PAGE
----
It’s in Chinatown, and it’s best to visit late on a Friday or Saturday night.
From Canal Street, head south on Bowery past Chatham Square…
…and turn right onto the dimly lit, deserted Mott Street.
It’s at #8 Mott, though you’ll know you’re there simply because it’s the only storefront around with its rollgate up, a strange purplish light spilling out onto the street.
Head through the fingerprint streaked glass doors…
…and you’ll find yourself in something out of a movie, a brick-walled tunnel of a space lined on both sides with dozens of quarter-fed video games: the last arcade in Chinatown.
This is the real thing. Not a Hollywood set, or a nostalgia-fueled attempt at creating a Tron-like arcade. The letters on the store’s sign are missing not for aesthetic value but because they fell down with age or were stolen, and haven’t been replaced because the owner doesn’t feel it’s worth the trouble.
Same goes for the vertical Video Game Land sign, though I wish to God this would get fixed – nothing would be cooler than turning onto Mott Street and finding a rainbow of flashing lights advertising one of the last old school arcades in the city.
I only learned of Chinatown Fair Arcade recently, when a friend showed me it after a delicious Peking duck dinner one Saturday night. The place was packed with a mix of young teens, 20-something hipsters, and Chinese locals pumping quarters for a few minutes of video gaming.
For the most part, the games are a quarter or two…
…and you can find a fair number of classics represented in the front.
What really amazes me though is the size of the place.
Like a storybook magic store that’s larger inside than appears possible from the street, the arcade seems to stretch farther back than it should – and then takes a left hand turn to go even deeper into the bowels of Chinatown. Here you’ll find more modern fare like Dance Dance Revolution and others.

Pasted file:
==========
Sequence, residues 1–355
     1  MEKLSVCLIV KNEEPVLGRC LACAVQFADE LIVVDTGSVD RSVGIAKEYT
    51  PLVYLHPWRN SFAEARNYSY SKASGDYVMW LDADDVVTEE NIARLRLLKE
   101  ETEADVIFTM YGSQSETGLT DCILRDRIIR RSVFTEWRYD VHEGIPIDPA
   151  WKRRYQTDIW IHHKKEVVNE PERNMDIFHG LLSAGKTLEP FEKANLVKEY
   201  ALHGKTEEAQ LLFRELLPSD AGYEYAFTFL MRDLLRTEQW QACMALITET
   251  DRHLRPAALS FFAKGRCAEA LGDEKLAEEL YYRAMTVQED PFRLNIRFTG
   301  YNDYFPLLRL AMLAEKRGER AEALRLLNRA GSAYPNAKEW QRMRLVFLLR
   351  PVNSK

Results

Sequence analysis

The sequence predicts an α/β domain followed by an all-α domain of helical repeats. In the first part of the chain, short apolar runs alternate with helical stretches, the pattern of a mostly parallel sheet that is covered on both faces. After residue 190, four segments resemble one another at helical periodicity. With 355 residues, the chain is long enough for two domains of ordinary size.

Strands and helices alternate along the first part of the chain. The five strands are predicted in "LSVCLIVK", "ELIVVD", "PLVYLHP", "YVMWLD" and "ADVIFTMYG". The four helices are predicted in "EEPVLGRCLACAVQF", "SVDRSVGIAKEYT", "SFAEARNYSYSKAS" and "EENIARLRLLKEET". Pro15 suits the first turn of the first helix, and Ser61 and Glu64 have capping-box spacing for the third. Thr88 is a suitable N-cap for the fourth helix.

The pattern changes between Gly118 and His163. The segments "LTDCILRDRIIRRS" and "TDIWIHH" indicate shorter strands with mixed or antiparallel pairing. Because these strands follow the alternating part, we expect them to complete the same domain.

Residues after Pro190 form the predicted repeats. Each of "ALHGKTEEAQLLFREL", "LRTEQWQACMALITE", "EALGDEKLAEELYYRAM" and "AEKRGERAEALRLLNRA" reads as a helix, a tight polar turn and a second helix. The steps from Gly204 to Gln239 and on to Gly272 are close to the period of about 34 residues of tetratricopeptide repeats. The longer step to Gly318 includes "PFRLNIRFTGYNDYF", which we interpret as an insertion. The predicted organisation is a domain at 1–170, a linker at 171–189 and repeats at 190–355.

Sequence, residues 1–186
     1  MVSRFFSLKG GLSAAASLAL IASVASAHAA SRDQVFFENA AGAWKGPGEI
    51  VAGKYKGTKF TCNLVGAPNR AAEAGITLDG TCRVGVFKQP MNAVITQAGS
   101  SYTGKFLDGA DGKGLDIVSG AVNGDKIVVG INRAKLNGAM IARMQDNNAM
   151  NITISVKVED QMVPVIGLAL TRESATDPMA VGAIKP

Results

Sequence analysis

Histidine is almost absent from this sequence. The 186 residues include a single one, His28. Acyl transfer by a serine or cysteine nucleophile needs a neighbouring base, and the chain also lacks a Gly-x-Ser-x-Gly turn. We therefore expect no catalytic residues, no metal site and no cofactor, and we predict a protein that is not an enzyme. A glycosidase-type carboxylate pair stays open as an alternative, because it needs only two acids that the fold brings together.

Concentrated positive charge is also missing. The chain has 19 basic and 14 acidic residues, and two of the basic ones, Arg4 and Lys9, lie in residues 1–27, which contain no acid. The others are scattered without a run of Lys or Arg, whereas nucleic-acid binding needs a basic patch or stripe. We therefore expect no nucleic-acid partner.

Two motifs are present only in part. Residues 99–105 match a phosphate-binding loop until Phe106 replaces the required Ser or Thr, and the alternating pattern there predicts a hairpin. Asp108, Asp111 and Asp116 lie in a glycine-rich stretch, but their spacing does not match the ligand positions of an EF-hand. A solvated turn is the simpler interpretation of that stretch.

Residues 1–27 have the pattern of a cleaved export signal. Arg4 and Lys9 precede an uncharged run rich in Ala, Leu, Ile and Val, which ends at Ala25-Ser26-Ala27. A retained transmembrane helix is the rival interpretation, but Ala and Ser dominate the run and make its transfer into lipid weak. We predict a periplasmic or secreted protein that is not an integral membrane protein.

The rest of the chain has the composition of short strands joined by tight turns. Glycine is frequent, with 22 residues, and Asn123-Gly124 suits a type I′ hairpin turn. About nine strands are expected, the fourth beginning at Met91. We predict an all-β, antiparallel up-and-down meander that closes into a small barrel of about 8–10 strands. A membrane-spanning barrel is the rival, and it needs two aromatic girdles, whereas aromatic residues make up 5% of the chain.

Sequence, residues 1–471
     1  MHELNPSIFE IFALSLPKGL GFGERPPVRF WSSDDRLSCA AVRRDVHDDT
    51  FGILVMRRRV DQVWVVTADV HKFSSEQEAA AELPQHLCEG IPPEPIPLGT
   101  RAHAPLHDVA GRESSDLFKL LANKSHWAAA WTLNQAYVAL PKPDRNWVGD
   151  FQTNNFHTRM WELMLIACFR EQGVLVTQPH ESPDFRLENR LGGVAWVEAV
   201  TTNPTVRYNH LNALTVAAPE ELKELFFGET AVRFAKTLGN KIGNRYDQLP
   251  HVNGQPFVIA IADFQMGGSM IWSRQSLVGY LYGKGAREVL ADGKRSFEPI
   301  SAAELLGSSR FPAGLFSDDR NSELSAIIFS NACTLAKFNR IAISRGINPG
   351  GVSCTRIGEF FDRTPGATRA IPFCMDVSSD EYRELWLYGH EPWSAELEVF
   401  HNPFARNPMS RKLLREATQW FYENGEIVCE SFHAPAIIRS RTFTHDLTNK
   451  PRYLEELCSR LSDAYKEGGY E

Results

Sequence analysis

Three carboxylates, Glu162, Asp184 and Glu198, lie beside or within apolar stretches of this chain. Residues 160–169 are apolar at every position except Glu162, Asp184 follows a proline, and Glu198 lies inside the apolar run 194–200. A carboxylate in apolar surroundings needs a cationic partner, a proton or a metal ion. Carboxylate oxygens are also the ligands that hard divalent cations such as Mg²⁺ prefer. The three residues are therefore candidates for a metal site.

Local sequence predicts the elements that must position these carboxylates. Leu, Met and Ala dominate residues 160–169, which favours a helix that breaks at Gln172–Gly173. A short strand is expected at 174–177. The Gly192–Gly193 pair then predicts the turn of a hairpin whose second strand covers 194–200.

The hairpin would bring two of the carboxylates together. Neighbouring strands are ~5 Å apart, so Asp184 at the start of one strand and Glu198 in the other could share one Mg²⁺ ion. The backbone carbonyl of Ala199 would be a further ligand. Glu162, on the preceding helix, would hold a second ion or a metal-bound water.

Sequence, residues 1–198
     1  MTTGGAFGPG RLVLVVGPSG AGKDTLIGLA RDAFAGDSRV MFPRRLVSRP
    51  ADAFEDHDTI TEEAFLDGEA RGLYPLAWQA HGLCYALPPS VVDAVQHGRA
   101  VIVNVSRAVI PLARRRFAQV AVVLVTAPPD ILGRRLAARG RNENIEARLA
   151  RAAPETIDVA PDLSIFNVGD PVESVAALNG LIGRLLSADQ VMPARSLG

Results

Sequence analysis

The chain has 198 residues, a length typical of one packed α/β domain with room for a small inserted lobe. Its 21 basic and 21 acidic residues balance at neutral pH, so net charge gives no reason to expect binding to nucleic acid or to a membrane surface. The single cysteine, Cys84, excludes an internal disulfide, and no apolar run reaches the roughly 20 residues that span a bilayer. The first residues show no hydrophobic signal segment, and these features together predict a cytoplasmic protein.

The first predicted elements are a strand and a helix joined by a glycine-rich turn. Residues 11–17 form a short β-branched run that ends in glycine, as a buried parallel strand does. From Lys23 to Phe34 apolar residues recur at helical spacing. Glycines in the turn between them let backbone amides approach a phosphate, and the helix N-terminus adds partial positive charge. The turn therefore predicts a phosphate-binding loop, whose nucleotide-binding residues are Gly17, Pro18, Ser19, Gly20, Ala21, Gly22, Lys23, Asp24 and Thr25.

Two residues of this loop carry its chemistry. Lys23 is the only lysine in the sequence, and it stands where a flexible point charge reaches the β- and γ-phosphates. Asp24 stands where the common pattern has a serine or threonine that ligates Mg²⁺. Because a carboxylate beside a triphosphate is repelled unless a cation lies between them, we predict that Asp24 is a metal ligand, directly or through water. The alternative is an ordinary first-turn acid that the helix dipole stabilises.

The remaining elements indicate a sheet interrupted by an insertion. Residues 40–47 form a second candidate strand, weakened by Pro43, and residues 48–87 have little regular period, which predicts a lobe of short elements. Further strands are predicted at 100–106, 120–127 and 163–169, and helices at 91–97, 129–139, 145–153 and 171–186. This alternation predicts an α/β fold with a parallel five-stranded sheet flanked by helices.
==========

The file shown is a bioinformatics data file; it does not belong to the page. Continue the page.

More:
I love the NO LOITERING sign hand painted on the half brick, half cement wall. Isn’t this the very nature of arcades?
For a truly unique bit of Chinatown Fare history, however, go to the manager’s booth, a treehouse-like mishmash of plywood and metal that somehow manages to stay up…
…And check out the strange picture collage of…farm animals.
What the heck is this doing in an old arcade? The answer is on the sign. See the “World Famous Dancing & Tic-Tac-Toe” line?
That used to read “World Famous Dancing & Tic-Tac-Toe Playing Chicken.”
Since the 1950′s, you could watch a chicken dance at Chinatown Fair for a few coins. Except, it wasn’t exactly dancing. Rather, it was hopping to avoid the electric jolts that were sent into the grate it stood on.
Later, the chicken was placed in a tic-tac-toe machine of similar design, in which jolts caused the chicken to correctly select boxes on a tic-tac-toe board.
Chinatown Fair went through dozens of chickens over the decades until 1998, when a sympathetic poultry lover convinced owner Mr. Samuel to give up the game once and for all.
I begged and begged, “I have to take her today.” He said he needed a moment to pray for the decision he should make–we were both still. Then he turned to me and said: “Take the chicken!” I hugged him I was so grateful.
Pictures were later sent of Lily the chicken in her new home to Mr. Samuel, who hung them over his booth:
It’s hard to find any history on Chinatown Fair. It’s been in business since at least the 1950′s, when it was located across the street at 7-9 Mott Street and featured rides, a lunch counter with ice cream sodas and yes, dancing chickens (picture from Manhattan’s Chinatown):
The NY Times did a story on Chinatown Fair a couple of years ago, but found the owner unwilling to talk.
And you know what? I’m glad.
Honestly, I don’t want to know too much about Chinatown Fair. I want it to remain in my mind the worn arcade that time forgot, the sort of gritty Chinatown establishment where shady characters from a William Gibson novel might hang out on a cold winter night.
It’s heartening to know such a place still exists outside the bounds of imagination.
Special thanks to my friend Garrett for introducing me to Chinatown Fair.